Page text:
The inaccuracy of the small amplitude values can be compensated for by a dedicated calibration of the NN output.

5. Conclusions

The high particle rate in the PADME calorimeter requires implementation of advanced reconstruction algorithms to achieve less than 1 ns time resolution of the reconstructed showers. Machine learning methods were applied for the successful identification of calorimeter signals and for the extraction of signal parameters. A CNN with a single convolutional layer was used to count the number of signals in an event. A modified CNN autoencoder was probed for the estimation of signal parameters—arrival time and amplitude. The performance of the networks was assessed through a specially designed algorithm, comparing the network output with the original data labels. The CNN provides time reconstruction with ∼500 ps time resolution and the amplitude is reconstructed in the 30–700 mV range. There is an inaccuracy for amplitudes less than 100 mV, which can be solved by an additional calibration of the NN output or by developing networks with modified architectures specifically targeting small amplitudes.

Author Contributions

The presented material is a result of the joint work of the PADME collaboration. All authors have read and agreed to the published version of the manuscript.

Funding

This work was partially supported by BNSF: KP-06-D002_4/15.12.2020 within MUCCA, CHIST-ERA-19-XAI-009 and by LNF-SU MoU.

Data Availability Statement

Not applicable.

Conflicts of Interest

The authors declare no conflict of interest.

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Figure 1. Outline of the PADME experiment.
Figure 1. Outline of the PADME experiment.
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Figure 2. The PADME Electromagnetic Calorimeter.
Figure 2. The PADME Electromagnetic Calorimeter.
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Figure 3. Efficiency of a signal-counting CNN as a function of the time difference between two signals. A sigmoid curve for the efficiency Eff = 2 · ( 1 ( 1 + e x p ( Δ t / 70 ) 0.5 ) is fitted (red). For signals with Δ t = 10 ns, the efficiency is 50%. The efficiency reaches 100% for Δ t > 50 ns.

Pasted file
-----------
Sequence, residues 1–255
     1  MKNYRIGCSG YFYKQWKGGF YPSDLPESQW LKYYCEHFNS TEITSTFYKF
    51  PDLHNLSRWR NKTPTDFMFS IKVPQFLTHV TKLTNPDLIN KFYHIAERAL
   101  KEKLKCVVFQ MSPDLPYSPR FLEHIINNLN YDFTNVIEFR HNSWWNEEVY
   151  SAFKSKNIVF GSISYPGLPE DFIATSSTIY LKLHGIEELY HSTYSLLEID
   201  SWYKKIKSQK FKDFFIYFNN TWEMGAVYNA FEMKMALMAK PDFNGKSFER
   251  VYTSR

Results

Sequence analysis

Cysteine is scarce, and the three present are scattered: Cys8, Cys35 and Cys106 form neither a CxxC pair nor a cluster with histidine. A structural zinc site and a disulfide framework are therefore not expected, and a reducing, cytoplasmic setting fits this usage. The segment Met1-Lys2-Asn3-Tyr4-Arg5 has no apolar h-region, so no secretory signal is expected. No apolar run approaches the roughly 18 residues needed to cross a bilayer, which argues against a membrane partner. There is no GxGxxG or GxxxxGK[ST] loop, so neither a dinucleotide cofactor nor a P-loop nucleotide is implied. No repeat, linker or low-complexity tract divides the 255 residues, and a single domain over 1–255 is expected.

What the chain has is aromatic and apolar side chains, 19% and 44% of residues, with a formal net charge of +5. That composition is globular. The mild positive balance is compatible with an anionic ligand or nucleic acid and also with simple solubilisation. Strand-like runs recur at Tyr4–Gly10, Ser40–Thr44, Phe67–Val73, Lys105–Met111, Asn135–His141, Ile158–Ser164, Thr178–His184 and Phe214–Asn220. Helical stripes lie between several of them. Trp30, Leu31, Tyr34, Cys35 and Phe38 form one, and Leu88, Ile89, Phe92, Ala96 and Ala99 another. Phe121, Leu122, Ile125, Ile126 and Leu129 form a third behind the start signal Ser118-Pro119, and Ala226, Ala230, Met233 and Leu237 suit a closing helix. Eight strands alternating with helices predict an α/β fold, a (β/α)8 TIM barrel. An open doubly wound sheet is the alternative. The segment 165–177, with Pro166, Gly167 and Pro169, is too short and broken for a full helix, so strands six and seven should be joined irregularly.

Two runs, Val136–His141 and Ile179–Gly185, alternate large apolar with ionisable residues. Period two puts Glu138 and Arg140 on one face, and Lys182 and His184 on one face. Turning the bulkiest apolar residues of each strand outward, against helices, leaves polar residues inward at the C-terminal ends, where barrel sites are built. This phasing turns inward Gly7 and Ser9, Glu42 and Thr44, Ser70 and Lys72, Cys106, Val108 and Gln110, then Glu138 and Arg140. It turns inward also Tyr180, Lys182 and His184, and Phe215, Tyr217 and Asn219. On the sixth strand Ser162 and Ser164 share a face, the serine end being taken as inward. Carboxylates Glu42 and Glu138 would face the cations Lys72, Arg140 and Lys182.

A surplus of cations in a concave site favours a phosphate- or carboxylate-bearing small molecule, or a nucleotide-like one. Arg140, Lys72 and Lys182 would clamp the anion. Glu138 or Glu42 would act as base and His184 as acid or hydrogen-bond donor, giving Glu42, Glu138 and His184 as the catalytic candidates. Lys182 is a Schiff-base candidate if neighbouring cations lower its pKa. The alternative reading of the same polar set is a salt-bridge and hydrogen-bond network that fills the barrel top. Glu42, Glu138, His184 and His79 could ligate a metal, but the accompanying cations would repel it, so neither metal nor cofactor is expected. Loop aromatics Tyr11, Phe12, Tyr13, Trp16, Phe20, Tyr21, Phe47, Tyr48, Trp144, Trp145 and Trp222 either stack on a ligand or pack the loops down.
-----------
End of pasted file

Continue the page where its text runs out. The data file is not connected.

Figure 3. Efficiency of a signal-counting CNN as a function of the time difference between two signals. A sigmoid curve for the efficiency Eff = 2 · ( 1 ( 1 + e x p ( Δ t / 70 ) 0.5 ) is fitted (red). For signals with Δ t = 10 ns, the efficiency is 50%. The efficiency reaches 100% for Δ t > 50 ns.
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Figure 4. Autoencoder NN output and the original event with two signals. (Left) classical autoencoder. (Right) modified autoencoder.
Figure 4. Autoencoder NN output and the original event with two signals. (Left) classical autoencoder. (Right) modified autoencoder.
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Figure 5. (Left) Reconstructed vs. original time of arrival for all events in the test set. (Right) Distribution of the signals according to the difference between the reconstructed and the original signal arrival time. The red curve represents a Gaussian distribution with σ 520 ps and mean value of 0.
Figure 5. (Left) Reconstructed vs. original time of arrival for all events in the test set. (Right) Distribution of the signals according to the difference between the reconstructed and the original signal arrival time. The red curve represents a Gaussian distribution with σ 520 ps and mean value of 0.
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Figure 6. Number of reconstructed signals versus the original number of generated signals in the test sample.
Figure 6. Number of reconstructed signals versus the original number of generated signals in the test sample.
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Figure 7. (Left) Matched (blue) and missed (red) events as a function of the arrival time difference Δ t for events with two generated signals. (Right) Matched (blue) and missed (red) events as a function of the amplitude value for events with one generated signal. Missed events with high time differences are due to small amplitudes.
Figure 7. (Left) Matched (blue) and missed (red) events as a function of the arrival time difference Δ t for events with two generated signals. (Right) Matched (blue) and missed (red) events as a function of the amplitude value for events with one generated signal. Missed events with high time differences are due to small amplitudes.
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Figure 8. (Left) All events based on their reconstructed amplitude value and the original one (Right) Difference between the average value of the reconstructed amplitude A r e c o ¯ and the original value A 0 for each original value A 0 , divided into 2 mV bins. It can be observed that for small amplitudes the reconstructed value is higher than the original one.
Figure 8. (Left) All events based on their reconstructed amplitude value and the original one (Right) Difference between the average value of the reconstructed amplitude A r e c o ¯ and the original value A 0 for each original value A 0 , divided into 2 mV bins. It can be observed that for small amplitudes the reconstructed value is higher than the original one.
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Dimitrova, K.; on behalf of the PADME collaboration. Using Artificial Intelligence in the Reconstruction of Signals from the PADME Electromagnetic Calorimeter. Instruments 2022, 6, 46. https://doi.org/10.3390/instruments6040046

AMA Style

Dimitrova K, on behalf of the PADME collaboration. Using Artificial Intelligence in the Reconstruction of Signals from the PADME Electromagnetic Calorimeter. Instruments. 2022; 6(4):46. https://doi.org/10.3390/instruments6040046

Chicago/Turabian Style

Dimitrova, Kalina, and on behalf of the PADME collaboration. 2022. "Using Artificial Intelligence in the Reconstruction of Signals from the PADME Electromagnetic Calorimeter" Instruments 6, no. 4: 46. https://doi.org/10.3390/instruments6040046